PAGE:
After the cuttings are hardened off decide where you are going to plant them and dig a hole about 12 inches in diameter and 8 inches deep. pulverize the soil you removed from the holes. Take 3 or 4 cups of the pulverized soil, put it in a plastic tub and mix it with enough water until it is about the consistancy of pancake batter. Take the tub of mud over to the cuttings and remove the plastic bag and wire hoops from the cutting pot. Lay the cutting pot on its side and flood the sand with water to wash sand from the roots. Carefully separate the cuttings and as they come free, pull them back and forth in the mud to coat the roots completely. When the roots are coated with mud, stand the cutting inside the tub and do the rest the same way.
When the cuttings have been mudded take them to the holes and plant them at the same depth they were in the sand. Fill the hole half full with the pulverized soil you removed from the hole and water the dirt until about an inch of water is standing on the surface.
Plant the rest using the same procedure. Now go back and put the rest of the dirt in each hole. Water throughly and unless you are in the middle of a drought, let nature do the rest. Claud

Last edited by saltmarsh; December 1, 2012 at 02:43 AM.
saltmarsh is offline   Reply With Quote
Old December 1, 2012   #8
Deborah
Riding The Crazy Train Again
 
Deborah's Avatar
 
Join Date: Dec 2011
Location: San Marcos, California
Posts: 2,562
Default

It'starting to sound like neglect is the way to go ! Thank you for the rooting instructions.
Deborah is offline   Reply With Quote
Old December 2, 2012   #9
peebee
Tomatovillian™
 
peebee's Avatar
 
Join Date: Aug 2006
Location: Southern CA
Posts: 1,714
Default

Ha Ha Ha! This reminded me of a long-running post on a garden forum: look up in any search engine "So you want to grow a gardenia huh?" It is hilarious and gave me much comfort as I too struggled for years to grow a gardenia. I have copied and pasted one post from that below in its entirety. Take a look:

Posted by: ROBERT HUGGINS - 10 ) on Thu, Aug 12, 99 at 14:51 DEAR JOAN, ONLY AN IDIOT WOULD SPEND THAT MUCH TIME AND EFFORT FOR A SIMPLE PLANT!MY FRIENDS RECOMMENDED THAT I TAKE UP GARDENING TO RELAX AND ENJOY NATURE.OVER THE PAST SIX YEARS I BOUGHT EIGHT BEAUTIFUL AND FRAGANT GARDENIAS,MYSTERY,FIRST LOVE AND ETC AND AFTER SIX YEARS THESE SIMPLE PLANTS HAS TAUGHT ME HOW TO RELAX.AFTER SIX YEARS I TAKE FOUR VALUIM AND A HALF A GALLON OF SCOTCH AND STAGGER OUT FOR MY NEXT TRY TO KEEP MY ONE PLANT ALIVE.AFTER 3000 HRS ON THE INTERNET,GARDENING BOOKS AND HELP FROM THREE HUNDRED PROFESSIONAL GROWERS AND FOUR GARDENING CDS.HERE WHAT I HAVE LEARN. THEY LIKE WATER BUT YOU HAVE TO KEEP THE SEMI DRY.THEY LOVED SUN BUT YOU HAVE TO KEEP IN THE SHADE.YOU FEED THEM OFTEN.DISCRIBED AS SOMEWHERE BETWEEN TWO DAYS AND TWO YEARS ONLY ON SUNDAYS WITH A BLUE MOON RISING.THEY LOVED NORTHERN EXPOSURE IF YOU HAVE THEM ON THE SOUTHERN.THEY LOVE ACID AND IRON UNLESS YOU GIVE IT TO THEM.THEY LOVE TO GROW SPIDER MITES,WHICH YOU CANT SEE,AND APHIDS. I HAVE FOUND IF YOU BUY OLDER PLANTS THEY TAKE LONGER TO DIE.MY FRIEND SUGGESTED THAT WHEN ONE OF THE SIMPLE PLANTS WASNT DOING WELL TO MOVE TO THE NORTHERN SUN WHICH A LOT.IT DIED QUICKER.WELL I HAVE TO GO NOW MY FRIENDS IN THE WHITE JACKETS ARE COMING TO PULL ME AWAY FROM MY BELOVED GARDENIA. ITS OKAY I HEAR THEY HAVE A SALE ON GARDENIA IN THE NOVELTY SHOP.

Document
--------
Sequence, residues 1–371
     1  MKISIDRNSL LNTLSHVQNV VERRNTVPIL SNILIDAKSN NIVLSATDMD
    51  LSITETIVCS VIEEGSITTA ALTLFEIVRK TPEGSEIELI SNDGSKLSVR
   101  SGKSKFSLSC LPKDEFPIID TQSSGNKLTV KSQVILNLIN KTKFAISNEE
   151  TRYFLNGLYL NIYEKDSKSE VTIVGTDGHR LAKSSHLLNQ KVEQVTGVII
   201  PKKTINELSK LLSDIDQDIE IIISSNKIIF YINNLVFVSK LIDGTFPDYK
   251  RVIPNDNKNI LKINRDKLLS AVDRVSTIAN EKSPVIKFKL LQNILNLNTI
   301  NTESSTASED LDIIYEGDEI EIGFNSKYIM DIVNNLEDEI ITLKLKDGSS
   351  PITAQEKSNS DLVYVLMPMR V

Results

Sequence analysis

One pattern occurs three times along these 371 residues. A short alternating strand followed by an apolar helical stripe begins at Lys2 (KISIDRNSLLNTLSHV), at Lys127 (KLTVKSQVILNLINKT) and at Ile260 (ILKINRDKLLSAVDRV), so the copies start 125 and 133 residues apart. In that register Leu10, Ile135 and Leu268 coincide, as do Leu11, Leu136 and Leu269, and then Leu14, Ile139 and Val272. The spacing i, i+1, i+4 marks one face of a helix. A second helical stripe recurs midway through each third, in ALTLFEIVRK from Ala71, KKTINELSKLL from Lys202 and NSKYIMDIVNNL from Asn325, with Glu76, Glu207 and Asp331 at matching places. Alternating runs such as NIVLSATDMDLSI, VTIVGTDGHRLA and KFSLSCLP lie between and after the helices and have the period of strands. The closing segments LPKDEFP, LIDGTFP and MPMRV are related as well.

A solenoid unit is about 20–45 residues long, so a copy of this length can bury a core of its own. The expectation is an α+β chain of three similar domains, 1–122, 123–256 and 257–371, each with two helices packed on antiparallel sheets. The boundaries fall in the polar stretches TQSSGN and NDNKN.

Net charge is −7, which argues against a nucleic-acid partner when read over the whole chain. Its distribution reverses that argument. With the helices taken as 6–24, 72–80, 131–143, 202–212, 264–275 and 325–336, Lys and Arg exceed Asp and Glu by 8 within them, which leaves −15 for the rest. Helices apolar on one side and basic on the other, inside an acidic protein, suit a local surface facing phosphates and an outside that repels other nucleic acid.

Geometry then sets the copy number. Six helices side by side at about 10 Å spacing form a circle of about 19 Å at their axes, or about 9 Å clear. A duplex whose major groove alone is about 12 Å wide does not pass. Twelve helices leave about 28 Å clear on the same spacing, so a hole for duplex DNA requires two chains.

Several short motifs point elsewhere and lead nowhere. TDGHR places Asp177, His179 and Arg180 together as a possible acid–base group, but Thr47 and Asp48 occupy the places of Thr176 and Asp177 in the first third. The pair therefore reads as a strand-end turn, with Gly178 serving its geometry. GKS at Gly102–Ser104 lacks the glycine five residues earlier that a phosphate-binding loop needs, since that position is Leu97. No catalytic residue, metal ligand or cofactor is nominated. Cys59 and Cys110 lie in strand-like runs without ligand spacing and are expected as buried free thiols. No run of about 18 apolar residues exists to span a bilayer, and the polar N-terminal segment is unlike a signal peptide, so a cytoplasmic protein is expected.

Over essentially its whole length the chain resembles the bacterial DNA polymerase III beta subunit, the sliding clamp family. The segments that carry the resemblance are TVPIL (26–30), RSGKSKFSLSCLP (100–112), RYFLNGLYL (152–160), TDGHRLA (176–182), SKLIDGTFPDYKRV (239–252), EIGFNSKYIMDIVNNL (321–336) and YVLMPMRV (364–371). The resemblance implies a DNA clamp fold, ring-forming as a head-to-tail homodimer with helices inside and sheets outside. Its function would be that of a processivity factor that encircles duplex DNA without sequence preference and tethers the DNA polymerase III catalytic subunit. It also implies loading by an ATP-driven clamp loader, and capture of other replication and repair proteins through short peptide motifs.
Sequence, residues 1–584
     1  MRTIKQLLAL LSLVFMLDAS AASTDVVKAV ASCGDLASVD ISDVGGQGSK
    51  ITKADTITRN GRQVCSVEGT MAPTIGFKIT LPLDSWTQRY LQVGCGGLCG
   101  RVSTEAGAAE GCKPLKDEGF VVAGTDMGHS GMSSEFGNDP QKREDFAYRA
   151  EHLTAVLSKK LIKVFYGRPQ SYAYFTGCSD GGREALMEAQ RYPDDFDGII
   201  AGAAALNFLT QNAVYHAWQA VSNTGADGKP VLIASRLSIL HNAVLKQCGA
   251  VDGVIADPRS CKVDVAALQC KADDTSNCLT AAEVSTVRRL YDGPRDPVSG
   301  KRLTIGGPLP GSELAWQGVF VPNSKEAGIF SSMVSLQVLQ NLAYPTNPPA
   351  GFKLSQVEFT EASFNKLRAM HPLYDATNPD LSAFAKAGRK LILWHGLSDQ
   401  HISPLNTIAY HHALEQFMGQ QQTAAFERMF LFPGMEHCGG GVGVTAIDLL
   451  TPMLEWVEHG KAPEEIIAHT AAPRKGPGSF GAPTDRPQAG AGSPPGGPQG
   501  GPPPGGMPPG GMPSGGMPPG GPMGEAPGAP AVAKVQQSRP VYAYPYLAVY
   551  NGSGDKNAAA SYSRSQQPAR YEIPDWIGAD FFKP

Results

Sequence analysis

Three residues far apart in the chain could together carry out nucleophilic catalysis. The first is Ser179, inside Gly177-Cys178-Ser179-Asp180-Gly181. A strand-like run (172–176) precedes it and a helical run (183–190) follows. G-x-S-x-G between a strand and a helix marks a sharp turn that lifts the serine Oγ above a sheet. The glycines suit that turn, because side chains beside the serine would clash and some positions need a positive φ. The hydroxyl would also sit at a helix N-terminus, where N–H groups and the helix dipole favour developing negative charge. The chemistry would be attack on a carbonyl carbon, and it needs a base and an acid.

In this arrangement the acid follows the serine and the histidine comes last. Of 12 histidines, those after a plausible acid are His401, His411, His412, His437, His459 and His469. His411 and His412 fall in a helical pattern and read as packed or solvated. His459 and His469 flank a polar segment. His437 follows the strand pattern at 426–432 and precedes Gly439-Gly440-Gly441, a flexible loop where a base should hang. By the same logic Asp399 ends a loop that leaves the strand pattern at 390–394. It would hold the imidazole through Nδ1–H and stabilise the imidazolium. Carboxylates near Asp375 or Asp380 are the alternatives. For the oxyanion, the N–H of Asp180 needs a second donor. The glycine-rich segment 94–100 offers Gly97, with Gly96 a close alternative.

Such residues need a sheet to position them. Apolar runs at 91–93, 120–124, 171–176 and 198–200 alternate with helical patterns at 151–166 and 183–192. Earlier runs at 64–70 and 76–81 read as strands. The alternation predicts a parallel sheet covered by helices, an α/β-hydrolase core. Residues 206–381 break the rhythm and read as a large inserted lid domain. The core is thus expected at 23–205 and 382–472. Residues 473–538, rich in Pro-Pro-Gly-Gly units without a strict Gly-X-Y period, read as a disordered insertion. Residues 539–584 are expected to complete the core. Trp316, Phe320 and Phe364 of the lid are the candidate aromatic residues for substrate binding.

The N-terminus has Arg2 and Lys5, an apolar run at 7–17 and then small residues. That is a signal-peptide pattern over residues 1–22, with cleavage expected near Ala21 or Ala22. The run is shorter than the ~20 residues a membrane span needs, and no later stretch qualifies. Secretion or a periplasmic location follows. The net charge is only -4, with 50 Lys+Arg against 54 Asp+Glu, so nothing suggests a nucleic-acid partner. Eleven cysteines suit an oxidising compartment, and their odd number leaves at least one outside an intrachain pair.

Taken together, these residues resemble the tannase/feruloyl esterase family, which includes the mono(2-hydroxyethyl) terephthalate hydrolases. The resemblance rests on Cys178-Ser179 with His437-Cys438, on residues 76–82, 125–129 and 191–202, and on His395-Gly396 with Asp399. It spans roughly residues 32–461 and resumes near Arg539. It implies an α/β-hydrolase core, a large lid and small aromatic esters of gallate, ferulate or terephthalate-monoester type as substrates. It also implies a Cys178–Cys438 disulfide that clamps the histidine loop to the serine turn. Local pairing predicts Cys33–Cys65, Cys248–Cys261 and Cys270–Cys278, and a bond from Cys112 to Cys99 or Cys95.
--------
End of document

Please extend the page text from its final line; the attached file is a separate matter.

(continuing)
peebee is offline   Reply With Quote
Old December 2, 2012   #10
Sun City Linda
Tomatovillian™
 
Sun City Linda's Avatar
 
Join Date: Mar 2011
Location: SoCal Inland
Posts: 2,704
Default

Peebee - Hysterical, thanks for posting. I will have to look up the thread!
Sun City Linda is offline   Reply With Quote
Old December 2, 2012   #11
Deborah
Riding The Crazy Train Again
 
Deborah's Avatar
 
Join Date: Dec 2011
Location: San Marcos, California
Posts: 2,562
Default

Hilarious ! Today I pushed three pennies into the pot and gave it its first watering. Maybe the pennies will release some minerals or something.
Deborah is offline   Reply With Quote
Old December 2, 2012   #12
saltmarsh
Tomatovillian™
 
saltmarsh's Avatar
 
Join Date: Apr 2010
Location: 2 miles south of Yoknapatawpha Zone 7b
Posts: 655
Default

Deborah, I don't know about the pennies I don't think they're made of copper anymore, but would you like to try lactobacillus? Claud

Last edited by saltmarsh; December 2, 2012 at 11:50 PM.
saltmarsh is offline   Reply With Quote
Old December 3, 2012   #13
Deborah
Riding The Crazy Train Again
 
Deborah's Avatar
 
Join Date: Dec 2011
Location: San Marcos, California
Posts: 2,562
Default

What's lactobillus? Sounds yogurty.
Deborah is offline   Reply With Quote
Old December 3, 2012   #14
Sun City Linda
Tomatovillian™
 
Sun City Linda's Avatar
 
Join Date: Mar 2011
Location: SoCal Inland
Posts: 2,704
Default

I'm bored. It is cold and rainy. I have no lack of things I could do, dishes being the most obvious. I am going to Lowes. I need a gardenia.
Sun City Linda is offline   Reply With Quote
Old December 3, 2012   #15
saltmarsh
Tomatovillian™
 
saltmarsh's Avatar
 
Join Date: Apr 2010
Location: 2 miles south of Yoknapatawpha Zone 7b
Posts: 655
Default

Lactobillus are bacteria which live in our small intestine. Organic yogurt is a cheap source for live lactobillus. The idea is to inoculate the plants and roots with lactobillus and the bacteria break down and make nutrients available to the plants just as they do for us. After you process the quart of yogurt you have a stable source of live lactobillus which doesn't require refrigeration and makes over 250 gallons of spray to use on your plants.
saltmarsh is offline   Reply With Quote
Reply

Thread Tools
Display Modes

Posting Rules
You may not post new threads
You may not post replies
You may not post attachments
You may not edit your posts

BB code is On
Smilies are On
[IMG] code is On
HTML code is Off

Forum Jump


All times are GMT -4. The time now is 10:34 PM.


★ Tomatoville® is a registered trademark of Commerce Holdings, LLC ★ All Content ©2019 Commerce Holdings, LLC ★